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Tip: Understanding Rank

PEP-Web Tip of the Day

When you do a search, you can sort the results bibliographically alphabetical or by “rank”. What is Rank?

Rank refers to the search engine’s “best guess” as to the relevance of the result to the search you specified. The exact method of ranking used varies a bit depending on the search. In its most basic level, when you specify a single search term, rank looks at the density of the matches for the word in the document, and how close to the beginning of the document they appear as a measure of importance to the paper’s topic. The documents with the most matches and where the term is deemed to have the most importance, have the highest “relevance” and are ranked first (presented first).

When you specify more than one term to appear anywhere in the article, the method is similar, but the search engine looks at how many of those terms appear, and how close together they appear, how close to the beginning of the document, and can even take into account the relative rarity of the search terms and their density in the retrieved file, where infrequent terms count more heavily than common terms.

To see a simple example of this, search for the words (not the phrase, so no quotes):

unconscious communications

Look at the density of matches in each document on the first page of the hits. Then go to the last page of matched documents, and observe the density of matches within the documents.

A more complex search illustrates this nicely with a single page and only 15 matches:

counter*tr* w/25 “liv* out” w/25 enact*

There are a lot of word forms and variants of the words (due to the * wildcards) above that can match, but the proximity (w/25) clause limits the potential for matching. What’s interesting here though is how easily you can see the match density decrease as you view down the short list.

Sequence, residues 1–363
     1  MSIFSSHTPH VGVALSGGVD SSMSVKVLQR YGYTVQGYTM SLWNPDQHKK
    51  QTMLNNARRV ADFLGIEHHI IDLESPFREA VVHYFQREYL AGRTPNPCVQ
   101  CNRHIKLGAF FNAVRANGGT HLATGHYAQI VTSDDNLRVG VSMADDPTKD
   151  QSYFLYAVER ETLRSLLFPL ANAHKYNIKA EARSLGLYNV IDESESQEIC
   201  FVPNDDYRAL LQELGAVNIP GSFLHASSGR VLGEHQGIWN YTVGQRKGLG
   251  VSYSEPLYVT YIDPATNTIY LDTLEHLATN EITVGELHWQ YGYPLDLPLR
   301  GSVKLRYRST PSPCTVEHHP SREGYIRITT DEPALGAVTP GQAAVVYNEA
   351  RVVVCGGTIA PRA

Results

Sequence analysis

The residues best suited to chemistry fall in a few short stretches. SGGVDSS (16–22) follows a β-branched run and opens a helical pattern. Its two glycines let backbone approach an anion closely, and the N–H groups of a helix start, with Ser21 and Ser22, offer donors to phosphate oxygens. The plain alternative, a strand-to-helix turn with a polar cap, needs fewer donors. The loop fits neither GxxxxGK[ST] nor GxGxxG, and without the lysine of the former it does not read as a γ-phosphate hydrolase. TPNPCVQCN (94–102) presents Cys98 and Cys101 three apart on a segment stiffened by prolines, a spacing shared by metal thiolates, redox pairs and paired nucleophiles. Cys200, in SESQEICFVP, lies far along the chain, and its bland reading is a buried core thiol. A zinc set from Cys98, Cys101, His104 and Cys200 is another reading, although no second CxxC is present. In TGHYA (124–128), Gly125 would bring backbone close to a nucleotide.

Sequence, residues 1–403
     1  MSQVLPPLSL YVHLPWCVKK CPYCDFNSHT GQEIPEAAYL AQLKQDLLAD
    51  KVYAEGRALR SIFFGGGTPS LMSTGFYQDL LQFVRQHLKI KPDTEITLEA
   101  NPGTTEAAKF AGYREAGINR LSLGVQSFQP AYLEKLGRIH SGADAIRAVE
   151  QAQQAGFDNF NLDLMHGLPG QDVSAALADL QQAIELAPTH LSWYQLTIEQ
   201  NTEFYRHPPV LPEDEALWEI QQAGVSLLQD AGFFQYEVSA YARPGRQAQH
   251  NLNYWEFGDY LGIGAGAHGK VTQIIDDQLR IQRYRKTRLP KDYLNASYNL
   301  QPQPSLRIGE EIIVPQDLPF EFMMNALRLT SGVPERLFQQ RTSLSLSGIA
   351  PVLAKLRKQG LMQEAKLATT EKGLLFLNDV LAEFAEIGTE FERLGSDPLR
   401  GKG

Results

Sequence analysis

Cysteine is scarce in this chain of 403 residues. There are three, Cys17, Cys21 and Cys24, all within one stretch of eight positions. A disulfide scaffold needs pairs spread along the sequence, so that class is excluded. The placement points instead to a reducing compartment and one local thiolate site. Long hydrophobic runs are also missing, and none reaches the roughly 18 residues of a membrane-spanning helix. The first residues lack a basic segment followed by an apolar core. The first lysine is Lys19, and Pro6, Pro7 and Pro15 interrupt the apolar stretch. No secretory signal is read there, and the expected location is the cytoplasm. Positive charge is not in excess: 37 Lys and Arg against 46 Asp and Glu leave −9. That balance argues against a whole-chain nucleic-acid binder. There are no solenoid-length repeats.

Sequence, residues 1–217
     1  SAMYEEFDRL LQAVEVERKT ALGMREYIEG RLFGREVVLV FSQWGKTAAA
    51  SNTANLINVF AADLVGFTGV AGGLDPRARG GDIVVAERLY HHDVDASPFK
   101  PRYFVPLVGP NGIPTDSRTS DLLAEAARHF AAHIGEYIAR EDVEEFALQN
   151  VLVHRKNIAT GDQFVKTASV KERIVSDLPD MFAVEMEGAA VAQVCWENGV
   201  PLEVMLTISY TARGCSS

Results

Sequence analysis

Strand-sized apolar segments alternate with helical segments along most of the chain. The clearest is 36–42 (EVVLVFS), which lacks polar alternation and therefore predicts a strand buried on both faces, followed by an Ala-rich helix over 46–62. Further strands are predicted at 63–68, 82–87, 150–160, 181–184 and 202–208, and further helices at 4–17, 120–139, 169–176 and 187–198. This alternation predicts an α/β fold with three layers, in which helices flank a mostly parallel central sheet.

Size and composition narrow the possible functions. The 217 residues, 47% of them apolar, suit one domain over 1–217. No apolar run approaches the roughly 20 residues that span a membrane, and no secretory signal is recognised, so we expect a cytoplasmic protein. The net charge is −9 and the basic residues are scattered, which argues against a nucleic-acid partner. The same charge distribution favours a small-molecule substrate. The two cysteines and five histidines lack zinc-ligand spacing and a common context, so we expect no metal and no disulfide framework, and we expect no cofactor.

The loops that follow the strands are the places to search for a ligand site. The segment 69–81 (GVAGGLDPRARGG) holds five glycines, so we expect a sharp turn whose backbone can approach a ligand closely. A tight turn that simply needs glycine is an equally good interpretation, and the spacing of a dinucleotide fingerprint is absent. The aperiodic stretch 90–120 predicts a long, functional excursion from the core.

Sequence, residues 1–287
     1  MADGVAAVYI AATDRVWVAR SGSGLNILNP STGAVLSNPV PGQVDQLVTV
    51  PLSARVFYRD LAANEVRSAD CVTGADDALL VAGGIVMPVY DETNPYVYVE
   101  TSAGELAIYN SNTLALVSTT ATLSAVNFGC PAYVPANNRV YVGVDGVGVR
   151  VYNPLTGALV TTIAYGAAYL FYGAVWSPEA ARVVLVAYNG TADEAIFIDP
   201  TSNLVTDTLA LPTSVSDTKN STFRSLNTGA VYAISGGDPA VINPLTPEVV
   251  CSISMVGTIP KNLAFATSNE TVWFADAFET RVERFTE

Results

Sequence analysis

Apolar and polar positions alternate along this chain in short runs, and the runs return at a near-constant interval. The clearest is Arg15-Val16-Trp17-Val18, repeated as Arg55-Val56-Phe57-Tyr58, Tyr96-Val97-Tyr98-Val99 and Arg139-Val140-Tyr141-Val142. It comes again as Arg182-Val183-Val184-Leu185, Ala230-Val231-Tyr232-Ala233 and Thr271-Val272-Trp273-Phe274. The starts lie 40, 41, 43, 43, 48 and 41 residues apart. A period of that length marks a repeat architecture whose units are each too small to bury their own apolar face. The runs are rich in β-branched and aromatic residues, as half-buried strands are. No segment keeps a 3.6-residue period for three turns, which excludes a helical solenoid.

The end result of selecting order by rank is that the search engine’s best “guess” as to which articles are more relevant appear higher on the list than less relevant articles.

For the complete list of tips, see PEP-Web Tips on the PEP-Web support page.

Katan, M. (1950). Structural Aspects of a Case of Schizophrenia. Psychoanal. St. Child, 5:175-211.

(1950). Psychoanalytic Study of the Child, 5:175-211

Structural Aspects of a Case of Schizophrenia

M. Katan, M.D.

INTRODUCTION

The study of the case of H. is the first publication of a number of investigations of schizophrenia, in all of which I arrive at the conclusion that schizophrenia is not preceded by an infantile psychotic state; that in this respect a psychosis differs radically from a neurosis, for which there is always an infantile basis.

In almost all cases of schizophrenia a distinction can be made between a prepsychotic period and the psychosis proper. The study of the relationship between the prepsychotic and the psychotic symptoms enables us to gain insight into the structure of the delusion and its related phenomena.

Many times the beginning of the prepsychotic phase is marked sharply, as when symptoms appear which show that important parts of the personality have disappeared. Notwithstanding this disappearance, contact with reality is still maintained. The prepsychotic period is characterized not only by "dropping out" phenomena but also by mechanisms that try to ward off the danger of losing contact with reality; sometimes even attempts at recovery are made by remnants of the personality.

There are other cases of schizophrenia where the beginning of the prepsychotic period is less sharply marked and where symptoms seem to develop as an exacerbation of a situation already long in existence. In these cases it is not certain whether these exacerbations differ only quantitatively from the preceding state or whether a qualitative change has also taken place.

In addition, there are a number of borderline cases which show symptoms of a prepsychotic nature but which never develop into a real psychosis, for the patients still succeed in maintaining contact with reality. We know that puberty now and then takes a course which strongly resembles prepsychotic development; fortunately, however, such puberal development frequently takes a turn for the better.

The psychosis proper starts when contact with reality has been abandoned.

[This is a summary or excerpt from the full text of the book or article. The full text of the document is available to subscribers.]

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